We have done some more research on the issue of unfunded pension liabilities, and at the risk of ‘getting too deep into the weeds’, we will offer some explanations of what we have discovered on the Lake County Auditor’s website.
First up is the Balance Sheet as of 12/31/16 for all of Lake County. A Balance Sheet provides the financial strength of an entity at a given point in time. It lists the assets, what is owned by the entity, and liabilities, what is owed by the entity. The Net Position, called Retained Earnings in “for profit” enterprises, is the difference from what is owned versus what is owed. The Unrestricted number, listed in the Net Position section, reflects assets that are free and clear of any obligations. If the number is negative, it means that the entity does not have enough assets to cover it’s obligations. This is known as being “upside down”.
The following are details of the change in governmental accounting reporting standards for recording pension liabilities. It gets a bit complicated, but we have underlined what we thought were the important points that needed to be understood by all Ohio citizens. This issue applies not only to Lake County, but all of Ohio.
We have underlined the important points for you to remember.
- “In Ohio, there is no legal means to enforce the unfunded liability of the pension system as against the public employer.”
- “In the event that contributions, investment returns, and other changes are insufficient to keep up with required pension payments, state statutes do not assign/identify the responsible party for the unfunded portion.”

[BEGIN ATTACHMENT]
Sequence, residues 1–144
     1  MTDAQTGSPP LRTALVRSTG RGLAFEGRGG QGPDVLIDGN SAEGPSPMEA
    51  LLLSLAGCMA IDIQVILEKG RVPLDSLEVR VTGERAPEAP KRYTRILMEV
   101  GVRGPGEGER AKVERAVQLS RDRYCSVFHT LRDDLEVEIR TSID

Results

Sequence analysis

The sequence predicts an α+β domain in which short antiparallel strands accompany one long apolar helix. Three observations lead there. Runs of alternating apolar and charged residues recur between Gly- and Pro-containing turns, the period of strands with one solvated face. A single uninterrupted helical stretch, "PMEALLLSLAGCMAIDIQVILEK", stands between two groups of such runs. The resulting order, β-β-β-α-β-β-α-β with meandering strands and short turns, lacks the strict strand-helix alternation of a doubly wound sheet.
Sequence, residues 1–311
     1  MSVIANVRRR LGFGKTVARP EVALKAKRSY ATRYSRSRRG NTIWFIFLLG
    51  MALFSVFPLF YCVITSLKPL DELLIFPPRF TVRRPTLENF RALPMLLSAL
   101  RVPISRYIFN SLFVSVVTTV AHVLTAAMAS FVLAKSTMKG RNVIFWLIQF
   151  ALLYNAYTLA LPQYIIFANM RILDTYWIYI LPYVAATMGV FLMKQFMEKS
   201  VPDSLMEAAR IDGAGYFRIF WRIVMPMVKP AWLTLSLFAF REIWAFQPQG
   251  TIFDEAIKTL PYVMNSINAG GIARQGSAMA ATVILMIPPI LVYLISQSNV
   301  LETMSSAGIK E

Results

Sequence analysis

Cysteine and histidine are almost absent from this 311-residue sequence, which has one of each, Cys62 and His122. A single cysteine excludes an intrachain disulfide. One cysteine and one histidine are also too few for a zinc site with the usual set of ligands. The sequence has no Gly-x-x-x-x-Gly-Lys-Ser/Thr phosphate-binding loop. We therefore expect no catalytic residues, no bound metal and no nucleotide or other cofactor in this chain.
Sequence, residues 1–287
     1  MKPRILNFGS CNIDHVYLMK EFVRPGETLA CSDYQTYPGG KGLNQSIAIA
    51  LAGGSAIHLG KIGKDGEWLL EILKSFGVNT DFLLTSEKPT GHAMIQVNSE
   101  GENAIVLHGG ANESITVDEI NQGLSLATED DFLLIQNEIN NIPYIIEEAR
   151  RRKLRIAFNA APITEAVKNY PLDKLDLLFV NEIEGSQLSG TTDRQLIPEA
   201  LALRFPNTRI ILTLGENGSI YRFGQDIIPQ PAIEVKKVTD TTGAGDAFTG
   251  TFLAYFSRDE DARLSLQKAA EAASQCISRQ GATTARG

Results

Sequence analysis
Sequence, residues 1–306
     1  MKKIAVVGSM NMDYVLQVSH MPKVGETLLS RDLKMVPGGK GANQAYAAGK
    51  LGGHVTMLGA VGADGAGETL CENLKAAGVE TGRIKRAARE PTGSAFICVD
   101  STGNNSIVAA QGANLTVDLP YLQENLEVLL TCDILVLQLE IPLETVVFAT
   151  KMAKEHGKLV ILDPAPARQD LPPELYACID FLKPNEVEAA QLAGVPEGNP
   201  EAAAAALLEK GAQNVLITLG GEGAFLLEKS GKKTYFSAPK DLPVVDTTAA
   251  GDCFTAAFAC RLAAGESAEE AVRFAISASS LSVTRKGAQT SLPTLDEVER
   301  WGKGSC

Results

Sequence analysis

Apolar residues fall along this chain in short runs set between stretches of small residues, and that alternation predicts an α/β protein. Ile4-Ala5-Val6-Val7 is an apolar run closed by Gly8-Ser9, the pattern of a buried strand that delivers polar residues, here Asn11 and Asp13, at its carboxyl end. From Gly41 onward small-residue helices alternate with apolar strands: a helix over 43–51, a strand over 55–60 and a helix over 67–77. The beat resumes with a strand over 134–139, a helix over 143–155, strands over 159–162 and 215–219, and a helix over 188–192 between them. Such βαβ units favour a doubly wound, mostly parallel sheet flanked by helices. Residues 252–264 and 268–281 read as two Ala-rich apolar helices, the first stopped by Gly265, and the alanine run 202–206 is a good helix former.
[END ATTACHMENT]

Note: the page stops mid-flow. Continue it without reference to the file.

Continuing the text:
So what does all this mean to the average taxpayer?
Prior to the new accounting reporting requirement (GASB 68) public entities, governments or political sub-divisions like Lakeland Community College, reported only annual pension contribution, but this never accounted for the underlying liability of what must be paid out in the future when the employees retire.
Although there is no written state law that identifies who is responsible, there is a “moral obligation” of the entity to pay the former employees for past services rendered. The only question is how are these unfunded pension liabilities to be paid.
As we see it, there are only a couple of ways that these obligations can be satisfied:
1. An increase in some form of taxation, be it an income, sales, real estate, or other hidden tax that is paid by the individual taxpayer or employer. The political ramifications of this, other than the hidden tax, would be more than the average politician could endure.
2. The State of Ohio covers the unfunded pension liabilities by shifting tax revenue collected by the state from a given line item or department in the State’s budget. However, the size of the total unfunded pension liabilities for ALL of the various government entities and political sub-divisions must be in the $Billions, so covering this shortfall is not going to be easy. (Note: Lakeland Community College has a $66 million unfunded pension liability)
By reallocating funds from other departments to cover the unfunded pension liabilities, that means that either services to the taxpayers will suffer; or if the state decides to decrease funding for schools, the local real estate taxes will need to be increased to ensure the schools remain open.
In summary, the Lake County Commissioners can pontificate all they want, and say the unfunded pension liability is not the obligation of the County, or it is just “government math”, but this is a growing and very serious problem. Unfortunately, the only ones that will pay for this mounting debt, either directly or indirectly, will be the average taxpayer.
We will say it again: The politicians are pricing seniors and those living on fixed incomes out of their homes that they have worked all their lives to achieve. Who is looking out for the seniors? They still have dreams too, unfinished goals they thought they could accomplish in retirement, but government has turned them into nightmares!